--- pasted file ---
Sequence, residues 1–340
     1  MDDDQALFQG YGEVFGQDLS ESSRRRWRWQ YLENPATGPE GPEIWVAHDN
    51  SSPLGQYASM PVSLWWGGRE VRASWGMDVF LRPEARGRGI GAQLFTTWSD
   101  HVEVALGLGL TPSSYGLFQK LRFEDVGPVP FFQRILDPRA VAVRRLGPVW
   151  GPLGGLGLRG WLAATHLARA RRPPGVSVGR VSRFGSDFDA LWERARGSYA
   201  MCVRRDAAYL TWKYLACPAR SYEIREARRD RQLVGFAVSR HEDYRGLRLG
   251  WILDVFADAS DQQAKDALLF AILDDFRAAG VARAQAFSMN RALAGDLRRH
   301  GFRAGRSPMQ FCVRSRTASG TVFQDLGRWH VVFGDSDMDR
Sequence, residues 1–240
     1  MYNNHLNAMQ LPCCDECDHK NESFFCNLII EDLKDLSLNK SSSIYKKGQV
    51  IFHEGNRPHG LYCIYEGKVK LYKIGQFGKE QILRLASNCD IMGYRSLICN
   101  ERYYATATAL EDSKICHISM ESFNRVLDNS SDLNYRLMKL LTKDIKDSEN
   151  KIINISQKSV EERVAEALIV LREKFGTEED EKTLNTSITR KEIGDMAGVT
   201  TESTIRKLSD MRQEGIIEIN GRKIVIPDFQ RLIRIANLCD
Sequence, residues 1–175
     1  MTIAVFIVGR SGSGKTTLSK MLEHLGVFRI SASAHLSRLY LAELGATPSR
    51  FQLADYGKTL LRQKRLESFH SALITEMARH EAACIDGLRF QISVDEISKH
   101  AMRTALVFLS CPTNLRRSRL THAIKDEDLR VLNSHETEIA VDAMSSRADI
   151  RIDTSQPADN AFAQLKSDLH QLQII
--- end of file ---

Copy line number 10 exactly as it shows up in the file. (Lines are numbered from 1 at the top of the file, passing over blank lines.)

     1  MYNNHLNAMQ LPCCDECDHK NESFFCNLII EDLKDLSLNK SSSIYKKGQV